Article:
Ramon Olivencia, Esq.'s answer No. You need to now obtain a waiver or clearance from the PR Treasury Department by filing an Inheritance Form, also called an Estate Tax Form. Then, there needs to be the transfer of the property rights to the heirs via the Property Registry of PR.
Ramon Olivencia, Esq.'s answer In PR, children are considered to be "forced heirs". That is, for them to be "disinherited" in a will, there must be a specific valid reason under one of the causes provided by law. Make sure that this is done via a local attorney.
Ramon Olivencia, Esq.'s answer You could always have a Power of Attorney be prepared by a local attorney in PR, who will know what to include in such document. However, the POA will have to name a local representative to be present at the sale.
Ramon Olivencia, Esq.'s answer If they were married without a pre-nuptial agreement, then her stake would normally be 50% plus what is called in Puerto Rico the "cuota viudal usufructuaria" ("surviving spouse's usufructuary portion"), which is a percentage calculated by a special formula according to several factors, including her age, life expectancy and number of children.
Ramon Olivencia, Esq.'s answer If that is the only property he has, it cannot be done unless he specifically disinherits your 2 sisters, making sure that it is due to the reasons stated by law. In Puerto Rico, the children are what is called "forced heirs", so their inheritance could only be voided as specified by law.
Ramon Olivencia, Esq.'s answer Your sister would need to write a will so that she can designate her beneficiaries according to her wishes while making sure to follow the local laws of PR. An inheritance or probate attorney can help her with that.
Ramon Olivencia, Esq.'s answer If the property was located it PR, a Declaration of Heirs has to be filed at the court system so that the "forced heirs" (i.e., the children of the deceased) can be officially declared as the heirs. Also, an Estate Tax Form ("Planilla de Caudal Relicto") has to be filed at the PR Treasury Dept to make sure that there were no taxes owed by the deceased. Finally, a property transfer has to be performed at the Property Registry. Due to the complexities of all these processes, it is highly...
Ramon Olivencia, Esq.'s answer Yes you can. However, given the complexity of inheritance laws, particularly if you don´t live here or you don´t speak Spanish, it is highly recommended that you hire a lawyer, one that perhaps won´t charge you up front. In the long run, you will realize that for the amount of work, details and tasks to be done, that this was the right thing to do.
Ramon Olivencia, Esq.'s answer It would need to be notarized in the US and sent to PR with a County Clerk’s Certificate of Notarial Authority attesting to the Notary Public's authorization for the date of the signing. Then a local attorney (a notary public) in PR would need to have it "protocolized", that is, to be made part of what we call it here the "Protocol", which is basically the attorneys' official collection of deeds. It's very important that the POA drafted be written in a way that the financial institution in...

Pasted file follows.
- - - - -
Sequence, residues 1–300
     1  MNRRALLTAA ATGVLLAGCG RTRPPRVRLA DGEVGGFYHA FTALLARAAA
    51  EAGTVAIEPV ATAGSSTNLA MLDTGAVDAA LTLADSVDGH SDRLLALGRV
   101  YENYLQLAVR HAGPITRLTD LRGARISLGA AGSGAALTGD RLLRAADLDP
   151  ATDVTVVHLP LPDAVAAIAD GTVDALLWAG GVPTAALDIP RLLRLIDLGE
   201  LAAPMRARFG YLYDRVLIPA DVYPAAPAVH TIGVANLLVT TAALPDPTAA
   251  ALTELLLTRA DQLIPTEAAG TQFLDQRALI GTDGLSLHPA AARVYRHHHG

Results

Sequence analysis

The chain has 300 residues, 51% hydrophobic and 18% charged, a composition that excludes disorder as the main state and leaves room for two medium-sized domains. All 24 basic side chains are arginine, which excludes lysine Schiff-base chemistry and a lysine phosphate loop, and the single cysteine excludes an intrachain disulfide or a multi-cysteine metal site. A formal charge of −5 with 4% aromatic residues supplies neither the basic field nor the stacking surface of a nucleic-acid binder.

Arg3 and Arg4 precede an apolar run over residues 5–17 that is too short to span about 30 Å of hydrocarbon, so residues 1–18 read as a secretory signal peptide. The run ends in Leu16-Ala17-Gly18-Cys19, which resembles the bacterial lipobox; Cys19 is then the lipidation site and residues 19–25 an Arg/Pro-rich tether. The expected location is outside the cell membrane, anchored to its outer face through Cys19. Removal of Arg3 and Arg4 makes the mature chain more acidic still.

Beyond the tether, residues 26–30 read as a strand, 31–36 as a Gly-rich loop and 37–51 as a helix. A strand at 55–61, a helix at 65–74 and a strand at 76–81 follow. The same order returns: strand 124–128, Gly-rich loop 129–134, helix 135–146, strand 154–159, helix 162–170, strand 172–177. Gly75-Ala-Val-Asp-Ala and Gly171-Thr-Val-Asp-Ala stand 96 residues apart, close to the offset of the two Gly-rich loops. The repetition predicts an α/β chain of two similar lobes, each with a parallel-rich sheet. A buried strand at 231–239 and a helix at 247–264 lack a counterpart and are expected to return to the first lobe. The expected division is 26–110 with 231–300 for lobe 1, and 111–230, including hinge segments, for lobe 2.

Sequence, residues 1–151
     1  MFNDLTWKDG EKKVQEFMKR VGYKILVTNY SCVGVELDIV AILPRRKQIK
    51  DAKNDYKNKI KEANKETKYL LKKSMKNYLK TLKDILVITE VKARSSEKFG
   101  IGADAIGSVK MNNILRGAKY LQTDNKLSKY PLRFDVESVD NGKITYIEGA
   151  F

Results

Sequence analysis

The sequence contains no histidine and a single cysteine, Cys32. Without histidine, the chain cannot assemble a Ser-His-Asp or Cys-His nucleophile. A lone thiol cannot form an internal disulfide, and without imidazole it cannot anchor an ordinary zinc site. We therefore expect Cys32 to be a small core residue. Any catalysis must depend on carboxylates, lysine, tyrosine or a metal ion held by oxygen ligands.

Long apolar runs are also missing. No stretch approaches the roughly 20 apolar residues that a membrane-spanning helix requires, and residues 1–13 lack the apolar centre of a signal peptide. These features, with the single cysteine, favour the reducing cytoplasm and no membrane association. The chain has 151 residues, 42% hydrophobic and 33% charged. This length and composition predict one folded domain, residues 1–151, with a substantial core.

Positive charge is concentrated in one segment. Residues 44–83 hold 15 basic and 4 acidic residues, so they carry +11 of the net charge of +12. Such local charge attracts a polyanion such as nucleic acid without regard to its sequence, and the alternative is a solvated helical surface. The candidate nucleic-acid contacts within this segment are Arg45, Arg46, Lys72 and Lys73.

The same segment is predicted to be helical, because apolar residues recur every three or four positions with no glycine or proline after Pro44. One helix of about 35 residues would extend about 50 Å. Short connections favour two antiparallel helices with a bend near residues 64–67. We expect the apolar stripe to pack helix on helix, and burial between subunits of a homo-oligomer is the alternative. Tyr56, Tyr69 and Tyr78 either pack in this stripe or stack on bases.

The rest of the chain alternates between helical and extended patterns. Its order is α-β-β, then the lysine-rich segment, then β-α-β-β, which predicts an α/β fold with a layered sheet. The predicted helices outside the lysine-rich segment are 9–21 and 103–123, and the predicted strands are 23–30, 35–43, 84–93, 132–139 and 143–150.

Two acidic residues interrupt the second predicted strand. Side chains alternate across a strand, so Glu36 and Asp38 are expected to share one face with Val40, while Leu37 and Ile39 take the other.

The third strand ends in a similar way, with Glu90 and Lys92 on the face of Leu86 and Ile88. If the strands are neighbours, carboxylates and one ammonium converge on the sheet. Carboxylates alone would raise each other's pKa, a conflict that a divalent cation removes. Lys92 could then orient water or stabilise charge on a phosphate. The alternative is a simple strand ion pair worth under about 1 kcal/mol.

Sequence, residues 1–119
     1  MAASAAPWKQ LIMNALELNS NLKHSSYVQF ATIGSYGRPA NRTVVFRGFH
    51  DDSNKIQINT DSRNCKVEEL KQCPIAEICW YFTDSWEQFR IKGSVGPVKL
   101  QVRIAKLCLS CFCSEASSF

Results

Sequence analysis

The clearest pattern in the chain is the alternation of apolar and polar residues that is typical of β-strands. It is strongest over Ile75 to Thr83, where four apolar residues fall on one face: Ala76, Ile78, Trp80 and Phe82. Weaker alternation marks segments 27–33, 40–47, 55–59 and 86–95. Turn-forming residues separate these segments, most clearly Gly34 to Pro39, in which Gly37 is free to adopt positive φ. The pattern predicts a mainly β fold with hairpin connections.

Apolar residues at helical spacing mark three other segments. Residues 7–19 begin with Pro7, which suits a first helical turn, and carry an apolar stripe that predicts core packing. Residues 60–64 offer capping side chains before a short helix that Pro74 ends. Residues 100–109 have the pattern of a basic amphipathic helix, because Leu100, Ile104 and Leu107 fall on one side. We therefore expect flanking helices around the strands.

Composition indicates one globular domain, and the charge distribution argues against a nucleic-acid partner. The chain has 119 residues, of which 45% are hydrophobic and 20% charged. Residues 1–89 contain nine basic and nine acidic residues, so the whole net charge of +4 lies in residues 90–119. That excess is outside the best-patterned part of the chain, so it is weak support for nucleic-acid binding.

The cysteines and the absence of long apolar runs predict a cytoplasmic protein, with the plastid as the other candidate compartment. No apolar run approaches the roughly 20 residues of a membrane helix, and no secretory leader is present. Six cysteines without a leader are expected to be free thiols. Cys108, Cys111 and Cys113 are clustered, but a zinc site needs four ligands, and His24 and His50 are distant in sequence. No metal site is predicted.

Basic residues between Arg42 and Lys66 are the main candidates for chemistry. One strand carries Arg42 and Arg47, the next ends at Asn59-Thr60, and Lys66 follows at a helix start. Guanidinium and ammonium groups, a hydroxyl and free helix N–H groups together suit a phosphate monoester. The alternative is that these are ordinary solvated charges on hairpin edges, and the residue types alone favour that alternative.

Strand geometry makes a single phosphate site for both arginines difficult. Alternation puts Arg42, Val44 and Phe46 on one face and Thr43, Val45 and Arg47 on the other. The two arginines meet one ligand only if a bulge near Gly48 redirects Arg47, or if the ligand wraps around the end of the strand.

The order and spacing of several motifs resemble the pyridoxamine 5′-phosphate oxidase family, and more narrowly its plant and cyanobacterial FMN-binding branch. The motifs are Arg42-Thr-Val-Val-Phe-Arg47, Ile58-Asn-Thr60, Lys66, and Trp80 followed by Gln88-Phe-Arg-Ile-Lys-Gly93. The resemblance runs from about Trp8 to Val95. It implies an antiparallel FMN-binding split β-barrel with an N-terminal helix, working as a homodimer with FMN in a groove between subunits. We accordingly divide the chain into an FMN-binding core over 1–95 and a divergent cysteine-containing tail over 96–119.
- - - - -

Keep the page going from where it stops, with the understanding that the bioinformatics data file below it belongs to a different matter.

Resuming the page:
Ramon Olivencia, Esq.'s answer It has to be done in writing through the court, via the Accounts Division, but it´s usually difficult to find someone who is English-speaking. However, a lawyer will be able to get the money in a relatively speedy manner. Feel free to contact us if you want this to be taken care of right away.
Justia Ask a Lawyer is a forum for consumers to get answers to basic legal questions. Any information sent through Justia Ask a Lawyer is not secure and is done so on a non-confidential basis only.
The use of this website to ask questions or receive answers does not create an attorney–client relationship between you and Justia, or between you and any attorney who receives your information or responds to your questions, nor is it intended to create such a relationship. Additionally, no responses on this forum constitute legal advice, which must be tailored to the specific circumstances of each case. You should not act upon information provided in Justia Ask a Lawyer without seeking professional counsel from an attorney admitted or authorized to practice in your jurisdiction. Justia assumes no responsibility to any person who relies on information contained on or received through this site and disclaims all liability in respect to such information.
Justia cannot guarantee that the information on this website (including any legal information provided by an attorney through this service) is accurate, complete, or up-to-date. While we intend to make every attempt to keep the information on this site current, the owners of and contributors to this site make no claims, promises or guarantees about the accuracy, completeness or adequacy of the information contained in or linked to from this site.